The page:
Bloomberg Law
Free Newsletter Sign Up
Bloomberg Law
Advanced Search Go
Free Newsletter Sign Up

Wi-Fi Spectrum Battle Spotlights Struggle for Scarce Airwaves

Oct. 28, 2020, 9:01 AM

Tech companies that deliver music, games and shopping to smartphones and other devices are battling in court for a necessary resource — spectrum for Wi-Fi.

The companies, including Apple Inc., Microsoft Corp. and Alphabet Inc.'s Google are defending a Federal Communications Commission plan that would free up airwaves in the 6 GHz band to feed consumers’ Wi-Fi cravings.

Current users of the band, including AT&T Inc., utilities and TV broadcasters, want the U.S. Court of Appeals for the D.C. Circuit to strike down the agency’s plan to allow Wi-Fi signals on the spectrum band. They worry it will cause interference with their existing communications operations.

The fight shows the challenge the FCC faces in trying to allocate a precious and finite resource — spectrum — among industries that all say is vital to their operations.

The current users’ legal argument hinges on showing that an FCC analysis that found the Wi-Fi plan will protect the existing operations is shoddy and violates the Administrative Procedure Act.

“You’ve got studies that are showing that the interference is going to be, without a doubt, just awful,” said Brett Kilbourne, general counsel of the Utilities Technology Council, a party to the case.

Tech companies including Apple and Microsoft, as well as chipmaker Broadcom Inc. and cable industry trade group NCTA, have all joined the case to defend the FCC’s order.

The FCC may prevail because courts often defer to agencies that follow federal rulemaking procedures, said Daniel Lyons, a professor at Boston College who focuses on administrative and telecom law.

“I thought the order was fairly well reasoned, and it certainly addressed the potential for interference, even if it did not resolve the issue the way the litigants would have preferred,” Lyons said.

The FCC declined to comment on the case.

The commission argued in its 6 GHz band order that it has thoroughly analyzed interference concerns and concluded that current operations would be protected from Wi-Fi devices. The agency came to that conclusion after reviewing studies by incumbent users including AT&T and Southern Co. opposed to the changes, and supporters such as Apple and Broadcom.

The FCC’s Wi-Fi push isn’t limited to the 6 GHz band. Chairman Ajit Pai announced Tuesday that the agency would vote in November to allow Wi-Fi services to use different airwaves that are currently reserved for technology designed to allow cars to talk to one another to avoid crashes.

Wi-Fi Fever

Consumers are snapping up Wi-Fi connected devices at accelerating rates, with the number of tablets, phones and other such products in circulation reaching 3.4 billion in 2023, up from from 2.2 billion in 2018, according to Cisco Systems Inc.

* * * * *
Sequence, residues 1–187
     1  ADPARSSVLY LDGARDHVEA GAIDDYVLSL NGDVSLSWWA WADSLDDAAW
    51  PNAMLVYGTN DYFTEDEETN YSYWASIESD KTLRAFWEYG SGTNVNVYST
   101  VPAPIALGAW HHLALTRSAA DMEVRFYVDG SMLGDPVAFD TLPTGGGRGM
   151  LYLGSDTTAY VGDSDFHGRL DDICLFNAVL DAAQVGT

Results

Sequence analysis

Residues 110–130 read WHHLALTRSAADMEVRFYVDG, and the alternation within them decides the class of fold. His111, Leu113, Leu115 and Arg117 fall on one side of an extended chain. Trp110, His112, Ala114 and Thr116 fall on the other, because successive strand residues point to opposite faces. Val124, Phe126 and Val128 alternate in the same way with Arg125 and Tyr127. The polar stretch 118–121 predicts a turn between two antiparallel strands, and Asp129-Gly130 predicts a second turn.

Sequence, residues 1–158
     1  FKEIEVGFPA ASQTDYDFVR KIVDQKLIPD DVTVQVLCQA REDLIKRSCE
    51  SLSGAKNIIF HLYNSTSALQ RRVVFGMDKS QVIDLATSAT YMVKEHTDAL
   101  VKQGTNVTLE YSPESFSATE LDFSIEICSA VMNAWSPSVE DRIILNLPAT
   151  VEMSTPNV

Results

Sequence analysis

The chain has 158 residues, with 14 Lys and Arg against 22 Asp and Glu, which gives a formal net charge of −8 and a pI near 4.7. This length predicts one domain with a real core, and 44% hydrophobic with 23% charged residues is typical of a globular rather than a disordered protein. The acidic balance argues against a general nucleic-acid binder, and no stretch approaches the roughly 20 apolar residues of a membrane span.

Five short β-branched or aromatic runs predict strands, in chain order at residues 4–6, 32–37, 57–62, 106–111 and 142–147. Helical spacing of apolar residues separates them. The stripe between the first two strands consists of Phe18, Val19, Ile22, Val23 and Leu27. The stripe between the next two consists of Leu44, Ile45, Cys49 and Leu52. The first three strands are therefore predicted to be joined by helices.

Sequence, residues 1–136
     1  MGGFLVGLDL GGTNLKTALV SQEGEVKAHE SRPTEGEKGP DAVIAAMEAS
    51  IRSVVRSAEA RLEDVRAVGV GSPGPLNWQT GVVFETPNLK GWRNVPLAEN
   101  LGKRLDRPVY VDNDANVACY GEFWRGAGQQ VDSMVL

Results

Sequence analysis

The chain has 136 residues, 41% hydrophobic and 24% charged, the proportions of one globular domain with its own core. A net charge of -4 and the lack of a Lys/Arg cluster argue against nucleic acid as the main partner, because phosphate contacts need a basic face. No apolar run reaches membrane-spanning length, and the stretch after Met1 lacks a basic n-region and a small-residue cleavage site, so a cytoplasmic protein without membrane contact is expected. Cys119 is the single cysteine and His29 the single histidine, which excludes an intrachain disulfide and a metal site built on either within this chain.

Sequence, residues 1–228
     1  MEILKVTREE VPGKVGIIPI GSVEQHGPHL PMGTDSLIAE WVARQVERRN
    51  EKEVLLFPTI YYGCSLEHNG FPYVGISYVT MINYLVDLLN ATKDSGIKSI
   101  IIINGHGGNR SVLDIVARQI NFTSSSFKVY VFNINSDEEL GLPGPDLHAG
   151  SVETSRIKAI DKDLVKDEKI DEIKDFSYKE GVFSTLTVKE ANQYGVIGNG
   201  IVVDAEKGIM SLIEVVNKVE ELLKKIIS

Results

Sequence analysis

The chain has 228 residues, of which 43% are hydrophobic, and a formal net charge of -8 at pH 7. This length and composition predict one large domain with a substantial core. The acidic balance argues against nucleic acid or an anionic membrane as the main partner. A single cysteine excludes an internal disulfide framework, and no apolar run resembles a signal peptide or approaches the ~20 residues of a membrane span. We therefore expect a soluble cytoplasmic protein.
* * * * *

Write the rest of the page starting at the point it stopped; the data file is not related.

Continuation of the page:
Facebook Inc.‘s Instagram, Microsoft Teams and Inc.‘s Alexa are among services that count on Wi-Fi for consumer access.

As consumers seek out such services, the number of public Wi-Fi hotspots in the U.S. is projected to triple to 61.6 million in 2023 from 2018, according to Cisco.

With so much Wi-Fi demand, the additional 6 GHz spectrum will alleviate data traffic jams, the tech companies and FCC say. It will also enable faster internet connections and new technologies, they say.

“The FCC made the right move in April,” WifiForward, a coalition of companies including Comcast Corp. and non-profit groups, said in a statement. “Connectivity has never been more vital.”

But Wi-Fi isn’t the only societal need, opponents of the plan say. They point out that entities already use the airwaves for critical purposes, such as secure utility communications, first responder dispatch services and news broadcasting.

Power companies are concerned that consumers may cause interference with communications systems they use to control electric grids. They say the FCC gave too much weight to studies in favor of its plan.

“Hopefully in the hands of an objective tribunal they will be able to assess these issues fairly and accurately,” Kilbourne said, referring to the appeals court.

The fight is early, with briefs yet to be scheduled. Oral arguments could be held in spring 2021, with a final ruling later that year.

The FCC has already won a legal battle tied to the order. The D.C. Circuit in September rejected requests to stay the directive by power companies and the Association of Public-Safety Communications Officials.

The court is unlikely to challenge the FCC’s finding that its plan protects incumbent users, said Daniel Deacon, a professor at the University of Michigan who specializes in administrative law.

“I think a court would be initially inclined to approach the issues in this case in a pretty deferential manner,” he said.

The case is AT&T Services, Inc. v. FCC, D.C. Cir., No. 20-01190, Stay petitions denied 10/1/20

To contact the reporter on this story: Jon Reid in Washington at

To contact the editor responsible for this story:
John Hughes at
Keith Perine at